It was a slow afternoon along one of Port Moresby’s busy industrial streets.
My colleague and I were waiting for our pick up to return to the office when we met some friends who called us over for a chat. Naturally our chat needed the complement of buai and we were told the police are chasing away vendors along that area.
As it is with these situations, you will almost always find some if you ask the right people.
We found some from a guy sitting inconspicuously on a flower bed. As usual, it’s become a cat and mouse game between the police and the vendors. “Yu spet buai lo hia?” a woman raking rubbish in front of us asked one of us in the group. At least that’s what I thought she said as she continued raking.
She had a thick accent and a bilum with a sleeping baby hanging from her head down her back. “Polis kam, mipla ol lain salim samting na yupla tu baim samting mas ronowe. Nogut yu wokmeri go slip lo Boroko or Six Mile,” she said referring to the police stations in Port Moresby’s suburbs.
As she continued raking towards a broken rubbish bin I saw another child sleeping on an old tarpaulin, spread out at the base of a tree. He must be 4 or 5 years old. Is she one of the street cleaners? I was curious because I couldn’t see any wares that she would be selling and why would she bring her babies with her?
I approached her as she was taking her baby out of the bilum and laying her next to the sleeping sibling. As I was asking her the first question, I noticed two empty cans of soft drinks sitting neatly on slab of concrete next to her sleeping child. Before I can make the connection, she was off on a run leaving her children sleeping there.
She ran to the bushes and brought out a market bag. Out from it came a cold soft drink which she passed to a woman who had crossed the street to make the transaction with her.
The signal for the purchase was so discreet, I didn’t know what was happening until it happened.
Then she was back, slightly out of breath, smiling, checking on her baby.
Me: “Ol kastoma save olsem yu salim drink?”
Vendor: “Mi mama lo hia, ol lain save,” she said, pushing the scarf off her forehead slightly and wiping the sweat off.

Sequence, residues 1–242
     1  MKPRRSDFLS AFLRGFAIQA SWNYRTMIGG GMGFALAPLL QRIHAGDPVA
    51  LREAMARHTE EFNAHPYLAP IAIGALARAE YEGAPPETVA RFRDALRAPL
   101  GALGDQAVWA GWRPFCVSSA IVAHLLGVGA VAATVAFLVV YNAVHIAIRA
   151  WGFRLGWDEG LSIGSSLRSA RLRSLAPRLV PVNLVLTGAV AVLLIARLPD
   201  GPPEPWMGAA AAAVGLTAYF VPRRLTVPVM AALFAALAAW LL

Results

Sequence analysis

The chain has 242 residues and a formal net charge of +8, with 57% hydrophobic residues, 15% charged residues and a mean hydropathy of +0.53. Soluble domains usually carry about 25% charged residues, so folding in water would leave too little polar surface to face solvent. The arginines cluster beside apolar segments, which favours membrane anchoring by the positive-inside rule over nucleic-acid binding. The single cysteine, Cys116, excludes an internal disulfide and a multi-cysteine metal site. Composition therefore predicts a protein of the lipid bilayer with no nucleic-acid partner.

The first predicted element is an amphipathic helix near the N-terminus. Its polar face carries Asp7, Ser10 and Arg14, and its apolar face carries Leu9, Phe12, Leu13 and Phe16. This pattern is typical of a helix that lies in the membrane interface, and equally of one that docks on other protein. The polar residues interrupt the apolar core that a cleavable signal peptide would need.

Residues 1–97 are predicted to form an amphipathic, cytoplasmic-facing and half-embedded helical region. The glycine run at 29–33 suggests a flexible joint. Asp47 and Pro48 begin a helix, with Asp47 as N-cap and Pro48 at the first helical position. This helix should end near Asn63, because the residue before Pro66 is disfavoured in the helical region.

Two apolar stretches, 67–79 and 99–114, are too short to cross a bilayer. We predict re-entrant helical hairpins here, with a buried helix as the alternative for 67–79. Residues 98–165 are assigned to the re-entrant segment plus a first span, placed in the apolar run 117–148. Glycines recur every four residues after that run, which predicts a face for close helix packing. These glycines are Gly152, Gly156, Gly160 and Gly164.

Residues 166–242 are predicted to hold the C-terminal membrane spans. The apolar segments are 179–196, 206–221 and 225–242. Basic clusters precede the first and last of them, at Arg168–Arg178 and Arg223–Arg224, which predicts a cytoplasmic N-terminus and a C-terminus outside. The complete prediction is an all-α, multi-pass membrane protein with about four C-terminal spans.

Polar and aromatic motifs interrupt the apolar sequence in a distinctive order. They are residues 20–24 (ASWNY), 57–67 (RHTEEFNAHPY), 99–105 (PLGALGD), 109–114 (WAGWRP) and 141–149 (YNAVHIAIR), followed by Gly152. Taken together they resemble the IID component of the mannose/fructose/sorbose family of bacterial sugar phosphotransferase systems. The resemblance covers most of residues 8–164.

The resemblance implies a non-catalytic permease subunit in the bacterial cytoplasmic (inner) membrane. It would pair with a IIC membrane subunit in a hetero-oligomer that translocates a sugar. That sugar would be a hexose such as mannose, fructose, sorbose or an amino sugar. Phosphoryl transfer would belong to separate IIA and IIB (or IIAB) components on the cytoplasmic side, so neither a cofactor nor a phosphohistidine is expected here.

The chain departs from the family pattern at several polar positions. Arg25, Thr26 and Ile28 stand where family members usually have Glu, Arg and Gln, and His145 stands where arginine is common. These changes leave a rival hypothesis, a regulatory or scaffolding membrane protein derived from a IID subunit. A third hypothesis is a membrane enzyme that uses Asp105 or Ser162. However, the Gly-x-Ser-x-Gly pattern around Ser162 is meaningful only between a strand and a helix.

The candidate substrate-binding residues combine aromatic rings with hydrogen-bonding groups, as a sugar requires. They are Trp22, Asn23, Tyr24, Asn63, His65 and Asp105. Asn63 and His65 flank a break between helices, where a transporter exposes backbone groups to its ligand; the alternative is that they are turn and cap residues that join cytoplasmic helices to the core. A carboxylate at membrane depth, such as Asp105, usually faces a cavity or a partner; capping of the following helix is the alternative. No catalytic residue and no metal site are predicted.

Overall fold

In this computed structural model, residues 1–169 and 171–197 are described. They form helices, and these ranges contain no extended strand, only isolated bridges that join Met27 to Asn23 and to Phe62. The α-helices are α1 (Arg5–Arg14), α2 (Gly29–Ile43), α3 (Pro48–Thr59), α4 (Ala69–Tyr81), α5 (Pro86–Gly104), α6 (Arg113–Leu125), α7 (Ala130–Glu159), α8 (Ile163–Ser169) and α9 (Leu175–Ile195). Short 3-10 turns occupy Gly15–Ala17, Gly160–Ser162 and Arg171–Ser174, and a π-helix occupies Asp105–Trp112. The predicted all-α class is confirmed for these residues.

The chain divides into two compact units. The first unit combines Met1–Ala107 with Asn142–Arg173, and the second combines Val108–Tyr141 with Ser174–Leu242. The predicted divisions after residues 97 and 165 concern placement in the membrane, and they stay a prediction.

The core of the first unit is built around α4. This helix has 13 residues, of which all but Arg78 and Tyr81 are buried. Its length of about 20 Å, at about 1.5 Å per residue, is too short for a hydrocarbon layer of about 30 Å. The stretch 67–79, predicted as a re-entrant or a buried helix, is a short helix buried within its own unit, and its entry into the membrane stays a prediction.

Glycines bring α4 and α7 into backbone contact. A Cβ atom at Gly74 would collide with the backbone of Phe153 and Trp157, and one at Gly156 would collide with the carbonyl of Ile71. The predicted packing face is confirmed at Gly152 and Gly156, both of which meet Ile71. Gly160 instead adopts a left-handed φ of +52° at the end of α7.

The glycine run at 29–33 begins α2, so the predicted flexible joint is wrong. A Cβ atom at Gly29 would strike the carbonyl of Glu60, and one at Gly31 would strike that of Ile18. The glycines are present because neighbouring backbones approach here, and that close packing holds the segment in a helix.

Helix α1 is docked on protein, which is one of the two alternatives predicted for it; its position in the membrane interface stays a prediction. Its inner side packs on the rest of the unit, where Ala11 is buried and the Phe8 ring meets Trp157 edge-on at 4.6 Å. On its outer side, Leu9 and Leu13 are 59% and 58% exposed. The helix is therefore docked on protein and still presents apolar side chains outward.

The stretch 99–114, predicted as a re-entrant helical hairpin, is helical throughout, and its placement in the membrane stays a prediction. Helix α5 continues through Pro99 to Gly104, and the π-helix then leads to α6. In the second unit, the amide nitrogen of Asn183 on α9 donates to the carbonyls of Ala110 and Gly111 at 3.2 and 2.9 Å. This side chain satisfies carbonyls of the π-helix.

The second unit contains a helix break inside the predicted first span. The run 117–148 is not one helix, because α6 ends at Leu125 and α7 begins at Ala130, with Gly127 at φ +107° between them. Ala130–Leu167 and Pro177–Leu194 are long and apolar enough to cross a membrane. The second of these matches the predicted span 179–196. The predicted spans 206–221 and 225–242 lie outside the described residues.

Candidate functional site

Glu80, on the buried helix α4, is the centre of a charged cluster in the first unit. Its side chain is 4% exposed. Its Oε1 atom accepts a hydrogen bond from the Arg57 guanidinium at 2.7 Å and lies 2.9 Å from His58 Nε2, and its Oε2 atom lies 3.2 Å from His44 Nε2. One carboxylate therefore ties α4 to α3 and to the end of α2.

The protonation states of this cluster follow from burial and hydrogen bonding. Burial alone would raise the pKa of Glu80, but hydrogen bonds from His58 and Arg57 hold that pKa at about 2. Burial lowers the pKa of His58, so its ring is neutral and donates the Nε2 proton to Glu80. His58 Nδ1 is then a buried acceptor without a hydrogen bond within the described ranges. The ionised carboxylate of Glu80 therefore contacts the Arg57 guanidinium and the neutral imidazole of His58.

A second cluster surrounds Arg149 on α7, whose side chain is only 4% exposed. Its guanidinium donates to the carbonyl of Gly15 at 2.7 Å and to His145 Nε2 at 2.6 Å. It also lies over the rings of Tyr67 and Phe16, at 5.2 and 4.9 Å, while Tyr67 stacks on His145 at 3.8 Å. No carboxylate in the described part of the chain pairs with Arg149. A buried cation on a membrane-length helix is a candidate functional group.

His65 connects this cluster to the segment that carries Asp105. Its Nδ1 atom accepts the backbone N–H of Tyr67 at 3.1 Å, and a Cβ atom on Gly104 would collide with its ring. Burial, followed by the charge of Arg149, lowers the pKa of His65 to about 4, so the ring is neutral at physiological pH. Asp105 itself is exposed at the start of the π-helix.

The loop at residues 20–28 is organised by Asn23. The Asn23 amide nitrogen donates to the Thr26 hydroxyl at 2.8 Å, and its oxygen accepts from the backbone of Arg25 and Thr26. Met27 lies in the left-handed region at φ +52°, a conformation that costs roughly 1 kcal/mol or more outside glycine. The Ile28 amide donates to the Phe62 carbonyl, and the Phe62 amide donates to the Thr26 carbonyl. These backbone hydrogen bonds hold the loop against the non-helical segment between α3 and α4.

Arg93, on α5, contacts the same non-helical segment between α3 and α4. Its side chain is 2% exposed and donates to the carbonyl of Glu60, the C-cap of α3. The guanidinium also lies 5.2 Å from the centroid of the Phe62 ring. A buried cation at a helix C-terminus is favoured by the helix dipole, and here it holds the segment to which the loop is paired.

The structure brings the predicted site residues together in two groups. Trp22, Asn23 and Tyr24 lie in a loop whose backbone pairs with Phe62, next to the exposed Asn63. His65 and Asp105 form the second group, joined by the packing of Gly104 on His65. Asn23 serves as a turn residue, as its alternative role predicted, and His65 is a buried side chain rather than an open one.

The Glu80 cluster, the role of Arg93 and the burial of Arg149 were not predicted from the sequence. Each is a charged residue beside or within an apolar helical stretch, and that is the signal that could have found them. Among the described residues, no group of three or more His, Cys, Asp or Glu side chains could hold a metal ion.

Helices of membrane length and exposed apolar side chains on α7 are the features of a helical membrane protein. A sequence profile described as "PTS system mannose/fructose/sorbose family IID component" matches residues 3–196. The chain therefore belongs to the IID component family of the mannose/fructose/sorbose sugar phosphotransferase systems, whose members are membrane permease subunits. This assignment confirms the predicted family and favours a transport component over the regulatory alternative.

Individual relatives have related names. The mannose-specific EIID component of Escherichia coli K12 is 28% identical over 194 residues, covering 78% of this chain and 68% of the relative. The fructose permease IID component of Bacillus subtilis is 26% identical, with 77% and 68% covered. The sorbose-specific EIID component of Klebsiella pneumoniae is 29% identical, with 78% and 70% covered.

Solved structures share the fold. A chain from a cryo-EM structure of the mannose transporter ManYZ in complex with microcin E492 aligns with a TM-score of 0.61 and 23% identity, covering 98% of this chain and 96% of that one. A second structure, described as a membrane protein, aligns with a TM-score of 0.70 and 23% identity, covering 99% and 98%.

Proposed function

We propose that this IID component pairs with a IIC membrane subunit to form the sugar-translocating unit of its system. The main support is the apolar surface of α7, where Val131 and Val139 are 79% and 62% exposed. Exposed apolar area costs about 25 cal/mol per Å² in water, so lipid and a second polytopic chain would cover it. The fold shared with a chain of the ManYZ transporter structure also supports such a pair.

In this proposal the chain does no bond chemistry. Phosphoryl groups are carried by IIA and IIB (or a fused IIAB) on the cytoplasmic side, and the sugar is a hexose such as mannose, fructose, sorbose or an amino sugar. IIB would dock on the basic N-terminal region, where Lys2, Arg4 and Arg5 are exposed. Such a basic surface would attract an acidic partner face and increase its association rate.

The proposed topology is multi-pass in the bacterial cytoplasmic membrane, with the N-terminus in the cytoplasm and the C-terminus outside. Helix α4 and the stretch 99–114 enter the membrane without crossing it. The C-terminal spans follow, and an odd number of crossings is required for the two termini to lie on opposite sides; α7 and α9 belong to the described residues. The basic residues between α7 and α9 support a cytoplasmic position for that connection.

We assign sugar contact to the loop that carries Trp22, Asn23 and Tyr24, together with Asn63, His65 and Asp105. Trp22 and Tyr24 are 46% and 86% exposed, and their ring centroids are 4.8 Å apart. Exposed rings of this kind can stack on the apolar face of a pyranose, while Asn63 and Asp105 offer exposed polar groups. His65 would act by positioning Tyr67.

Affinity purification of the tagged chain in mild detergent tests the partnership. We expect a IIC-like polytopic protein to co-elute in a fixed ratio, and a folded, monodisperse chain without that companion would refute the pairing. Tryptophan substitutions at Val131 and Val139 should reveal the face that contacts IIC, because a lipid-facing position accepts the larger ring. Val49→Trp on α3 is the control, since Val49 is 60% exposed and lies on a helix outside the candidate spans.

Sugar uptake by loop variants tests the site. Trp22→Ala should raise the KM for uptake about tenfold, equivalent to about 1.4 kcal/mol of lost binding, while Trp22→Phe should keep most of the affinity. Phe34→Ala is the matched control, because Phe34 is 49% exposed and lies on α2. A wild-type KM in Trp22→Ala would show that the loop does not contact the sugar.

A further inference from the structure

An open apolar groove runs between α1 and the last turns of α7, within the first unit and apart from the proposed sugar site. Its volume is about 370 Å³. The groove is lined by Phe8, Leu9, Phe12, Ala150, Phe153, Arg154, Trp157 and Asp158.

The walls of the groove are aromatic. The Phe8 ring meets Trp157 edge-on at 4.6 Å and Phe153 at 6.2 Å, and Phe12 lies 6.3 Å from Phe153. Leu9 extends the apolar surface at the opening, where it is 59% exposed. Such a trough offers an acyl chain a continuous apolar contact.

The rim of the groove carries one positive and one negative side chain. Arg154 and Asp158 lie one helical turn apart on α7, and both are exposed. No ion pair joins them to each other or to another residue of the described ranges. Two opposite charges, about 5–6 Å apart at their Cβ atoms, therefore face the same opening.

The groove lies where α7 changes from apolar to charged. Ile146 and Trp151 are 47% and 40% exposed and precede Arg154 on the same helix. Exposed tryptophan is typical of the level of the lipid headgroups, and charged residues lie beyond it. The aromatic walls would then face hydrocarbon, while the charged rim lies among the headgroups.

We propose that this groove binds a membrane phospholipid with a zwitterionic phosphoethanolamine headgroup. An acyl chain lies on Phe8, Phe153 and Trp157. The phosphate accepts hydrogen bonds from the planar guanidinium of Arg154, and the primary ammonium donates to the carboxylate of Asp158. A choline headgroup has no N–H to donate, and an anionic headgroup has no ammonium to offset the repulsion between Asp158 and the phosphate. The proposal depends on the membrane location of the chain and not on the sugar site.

Me: “Na yu no laik lusim ol baby lo haus?”
Vendor: “Ol polis ronim mipla, na nogut ol bai kisim mi go lo sel. Mi larim ol lo haus, husait bai lukautim ol? Mi les lo ol lain paitim ol sapos mi go lo sel.”
The question and answer were halted as she raced back to bring out more goods to display on the concrete slab.
Vendor: “Yu lukim kar go yah, ol polis go pinis.” While she was away retrieving her goods from the bushes, a young boy of around 8 in a pair of school shorts walked slowing towards where the babies were laying. Her eldest child I instantly assumed.
He leaned on an iron post, observing his mother. By then the baby was crying and I was making funny faces and baby noises to distract her from the distress of not having her mother near. I noticed the school boy had a tear on his left cheek. He walked up to the baby laying on the tarpaulin, picked her up and cuddled her with a smile. The baby smiled back enjoying the attention of her brother. His left eye was red and puffy.
Me: “Eye blo yu?” School boy: “Ol boys lo class blo me sprayim wantaim spray,” he said.
A young man came by to buy a drink and a biscuit from the mother. Another man came by for buai. I saw her pull out her hidden wares all the while keeping an eye out for any sign of a police car. Seeing her baby attended to by her eldest child, she tapped her middle child awake.
Vendor: “Kam slip insait lo bilum blo baby.” The boy woke up, fussy and crying.
Vendor: “Em sick yah,” she said while she placed him in the bilum, tied the ends up and hung the bilum on the branch of a nearby tree. She dragged the tarpaulin with her feet to rest directly under the sleeping child in the bilum.
Me: “Na man blo yu?”
Vendor: “Em go lo ples,”
Me: “Na yu les lo go?”
Vendor: “No gat mani lo go,” she said pointing to all her children. “Bikpla mani lo baim balus.”
Amazingly she didn’t tell me to piss off. I was probably just another inconvenience in her life that she had to deal with.
Me: “Na man blo yu go mekim wanem lo ples?”
Vendor: “Em no tokim mipla.”
Then she returned to the concrete slab where the empty cans and biscuits were, sat down on an old paint tin, took her baby from the older boy and asked him to bring her a buai to chew. Our pick up arrived before I could find out the reason she left her village in the first place.
As I sat in front of a computer in an office, I thought about the concept of hard work. How much do I achieve in 15 minutes, which was the amount of time or less that that vendor took to deal with her business on the street?
She is a Papua New Guinean, trying desperately to make ends meet the best she knows how, taking on new challenges every day.
An absent husband, a sick child and the threat of police brutality.
The strength that she must possess to come to terms with the fact that any day now, she can go to jail and she will bring her babies with her.
What will become of her school aged child, who will take care of him and his school needs?
It was obvious that for him and his siblings, their sanctuary and their world is their mother. She cannot afford the luxury of taking a break from her everyday work to attend to a sick child, that is another challenge that she must manage within her limitations. In all these the question of personal choice comes up but at what point is it her burden to bear on her own and at what point do we as a society, as a government provide for her needs.
This strong, resilient woman represents the most vulnerable in our society, does her socio-economic background, her personal choices, exclude her from demanding from our government?
Papua New Guinea as a nation will not only be measured by glossy buildings and reports we put together, we are and we will also be measured by the welfare of the most vulnerable in our societies.